Orphan Boy Watched Outside The Toy Store Parents Buying Gifts For Their Children.
Story by Mark Crider
WOW! Was all I could say as I stood there marveling at the display of toy trains. I had never seen such a display. Dozens of them running all directions. Over miniature mountains, through tunnels, stopping here and there to play like they filled with water, load miniature bundles of firewood, whistling, tooting, it was amazing. A giant room of nothing but trains running, working. Some looked like they were going to run into one another, but just in time they would duck into a hidden pass to come out on the other side climbing a steep grade towards a forest of trees. I couldn’t believe what this must have cost let alone the enormous amount of time to build and put this together.
I had been running my fishing lines tied close to the shore of the point in the lake where this man had this huge castle like house. He owned the whole point adjacent to the boy’s camp on one side and the girl’s camp on the other. He allowed kids from the camps to come over to watch and run the trains. He also saw that kids from several area children homes were picked up by private bus to come spend the day enjoying them from time to time.
He had seen me and walked down to the waters’ edge to chat with me as I baited and took a few fish off the lines. He asked me if I’d like to have a cold drink or soda and see his toy train collection. I had seen the house for years standing majestically on the point and wondered about who lived there and what they did. This was my chance to find out.
The tops of the mountains each had a gold cross, one was of the crucifixion. One of the station houses had a manger and Christmas scene behind it. Oddly there was a building with a sign on it that said, “Orphanage”.
Scanning the rooms’ magnificent furnishings I noticed a beautiful armoire, elegantly hand carved from giant Lebanese cedar with glass doors. Something that puzzled me were the two or three pairs of shirts and pants hanging in it on display. Tattered shirts and pants that were a boys size. Small shoes too, stuffed with paper and cardboard. The holes were obvious.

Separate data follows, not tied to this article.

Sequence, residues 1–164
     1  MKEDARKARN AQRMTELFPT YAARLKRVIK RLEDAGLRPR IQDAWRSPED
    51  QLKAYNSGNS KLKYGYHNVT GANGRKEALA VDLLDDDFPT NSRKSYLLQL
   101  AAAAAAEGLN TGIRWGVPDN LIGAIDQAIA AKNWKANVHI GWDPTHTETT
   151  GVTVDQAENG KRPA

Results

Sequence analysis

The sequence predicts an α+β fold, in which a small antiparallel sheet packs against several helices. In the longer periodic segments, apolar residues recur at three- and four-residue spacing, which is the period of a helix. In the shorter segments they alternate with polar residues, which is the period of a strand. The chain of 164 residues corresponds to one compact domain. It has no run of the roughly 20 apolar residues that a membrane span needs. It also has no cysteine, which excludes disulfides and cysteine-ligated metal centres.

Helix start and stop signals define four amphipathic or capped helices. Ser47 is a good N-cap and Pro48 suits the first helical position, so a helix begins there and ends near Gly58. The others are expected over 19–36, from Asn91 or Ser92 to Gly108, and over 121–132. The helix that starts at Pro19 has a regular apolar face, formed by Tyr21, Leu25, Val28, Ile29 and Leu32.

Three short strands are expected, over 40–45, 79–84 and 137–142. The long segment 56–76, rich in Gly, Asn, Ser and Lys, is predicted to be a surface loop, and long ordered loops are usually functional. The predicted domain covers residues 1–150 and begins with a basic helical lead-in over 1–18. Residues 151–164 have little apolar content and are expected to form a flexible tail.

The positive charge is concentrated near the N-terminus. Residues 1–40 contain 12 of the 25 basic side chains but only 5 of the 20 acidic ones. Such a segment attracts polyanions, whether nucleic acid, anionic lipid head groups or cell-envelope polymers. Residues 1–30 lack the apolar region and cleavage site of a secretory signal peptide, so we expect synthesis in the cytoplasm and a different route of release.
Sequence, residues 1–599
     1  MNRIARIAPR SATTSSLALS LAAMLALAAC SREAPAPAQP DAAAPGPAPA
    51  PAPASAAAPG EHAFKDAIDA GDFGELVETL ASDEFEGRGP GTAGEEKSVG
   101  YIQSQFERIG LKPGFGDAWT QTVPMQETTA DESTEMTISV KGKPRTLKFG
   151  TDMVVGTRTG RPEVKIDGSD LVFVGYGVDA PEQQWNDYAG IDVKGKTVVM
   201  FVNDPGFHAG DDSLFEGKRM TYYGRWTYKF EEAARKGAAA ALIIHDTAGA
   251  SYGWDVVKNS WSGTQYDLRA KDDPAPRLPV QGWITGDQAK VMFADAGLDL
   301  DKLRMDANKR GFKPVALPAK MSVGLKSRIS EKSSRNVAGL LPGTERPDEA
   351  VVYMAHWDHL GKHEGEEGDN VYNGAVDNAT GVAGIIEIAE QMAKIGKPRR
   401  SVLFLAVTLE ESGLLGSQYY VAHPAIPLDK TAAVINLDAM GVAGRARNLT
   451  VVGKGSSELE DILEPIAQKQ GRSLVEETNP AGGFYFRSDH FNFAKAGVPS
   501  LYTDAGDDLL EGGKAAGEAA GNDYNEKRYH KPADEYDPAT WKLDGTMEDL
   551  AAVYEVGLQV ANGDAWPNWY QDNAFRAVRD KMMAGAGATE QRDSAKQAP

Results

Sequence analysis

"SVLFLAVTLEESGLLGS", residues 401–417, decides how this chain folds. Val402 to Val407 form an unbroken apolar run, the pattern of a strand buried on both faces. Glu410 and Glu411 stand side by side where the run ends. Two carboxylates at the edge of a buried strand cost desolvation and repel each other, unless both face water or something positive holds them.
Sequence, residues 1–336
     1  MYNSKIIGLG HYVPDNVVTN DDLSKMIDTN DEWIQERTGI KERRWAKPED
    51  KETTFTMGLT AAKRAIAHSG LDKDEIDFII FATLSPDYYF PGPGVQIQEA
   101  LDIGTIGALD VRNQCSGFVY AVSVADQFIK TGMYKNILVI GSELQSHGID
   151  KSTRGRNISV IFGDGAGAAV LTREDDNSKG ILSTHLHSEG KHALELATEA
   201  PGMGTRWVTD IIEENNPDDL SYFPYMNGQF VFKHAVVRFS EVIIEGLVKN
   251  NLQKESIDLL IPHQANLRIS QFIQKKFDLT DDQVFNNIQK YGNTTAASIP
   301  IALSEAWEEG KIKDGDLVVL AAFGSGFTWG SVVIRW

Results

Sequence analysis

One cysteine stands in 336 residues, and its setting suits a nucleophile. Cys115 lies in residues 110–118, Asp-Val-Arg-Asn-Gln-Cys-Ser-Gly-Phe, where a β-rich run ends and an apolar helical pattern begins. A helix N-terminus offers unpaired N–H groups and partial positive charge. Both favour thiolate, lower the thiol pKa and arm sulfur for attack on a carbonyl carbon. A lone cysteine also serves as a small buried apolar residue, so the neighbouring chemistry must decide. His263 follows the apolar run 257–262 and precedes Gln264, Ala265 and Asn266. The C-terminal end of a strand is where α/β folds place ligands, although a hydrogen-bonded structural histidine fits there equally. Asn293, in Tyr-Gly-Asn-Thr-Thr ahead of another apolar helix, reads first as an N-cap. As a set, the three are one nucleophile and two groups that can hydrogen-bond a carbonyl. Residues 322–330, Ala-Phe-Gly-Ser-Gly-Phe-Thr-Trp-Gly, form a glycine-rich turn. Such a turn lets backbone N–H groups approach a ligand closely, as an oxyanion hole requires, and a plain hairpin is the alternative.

Musing, I asked, “There’s a story here, isn’t there?” He replied, “Funny you figured it out. How did you do it?”
“Well, there are too many things that an amusement hobby would not have displayed here.”
He went on to tell me about his early years in an orphanage and school. Before he was adopted out to a nice, but very poor family they would go to town from the orphanage. He would see the train displays in the store windows and parents buying their children those as well as other nice toys. He never got anything for the holidays except a piece of fruit. They were always cold in the winter too.
After he was adopted they worked hard to just have the necessities of life. In school he always had the poorest of clothes and the most meager fare to eat and little of it. The other children had everything they could want and often teased him about his clothes and food.
He looked at me and said, “I dismissed their actions long ago as just being kids. I don’t want a needy child in this area to ever go without playing with trains or having fun things to do or a place to do them.”
These crosses are mementos to my parents who were killed when I was small, my wonderful wife, the kind couple who raised me, and the kind teachers who helped me learn and gave me special treats from time to time when others wouldn’t share and Jesus who led me to the successes and rewards beyond my wildest dreams.”
Here I was, standing, getting the story of this place I had seen for so many years.
As I sat reading the headlines, “Successful Businessman Leaves Legacy and Perpetual Foundation To Area Children” I just couldn’t hold back the tears. He’s joined his wife, parents, friends and children.